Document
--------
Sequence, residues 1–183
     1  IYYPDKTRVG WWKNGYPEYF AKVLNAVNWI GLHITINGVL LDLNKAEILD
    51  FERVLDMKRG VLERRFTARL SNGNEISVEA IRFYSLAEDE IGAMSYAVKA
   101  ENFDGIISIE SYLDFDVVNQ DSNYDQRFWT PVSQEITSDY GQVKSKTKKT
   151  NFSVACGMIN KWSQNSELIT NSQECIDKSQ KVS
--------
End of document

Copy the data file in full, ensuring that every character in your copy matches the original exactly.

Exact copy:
Sequence, residues 1–183
     1  IYYPDKTRVG WWKNGYPEYF AKVLNAVNWI GLHITINGVL LDLNKAEILD
    51  FERVLDMKRG VLERRFTARL SNGNEISVEA IRFYSLAEDE IGAMSYAVKA
   101  ENFDGIISIE SYLDFDVVNQ DSNYDQRFWT PVSQEITSDY GQVKSKTKKT
   151  NFSVACGMIN KWSQNSELIT NSQECIDKSQ KVS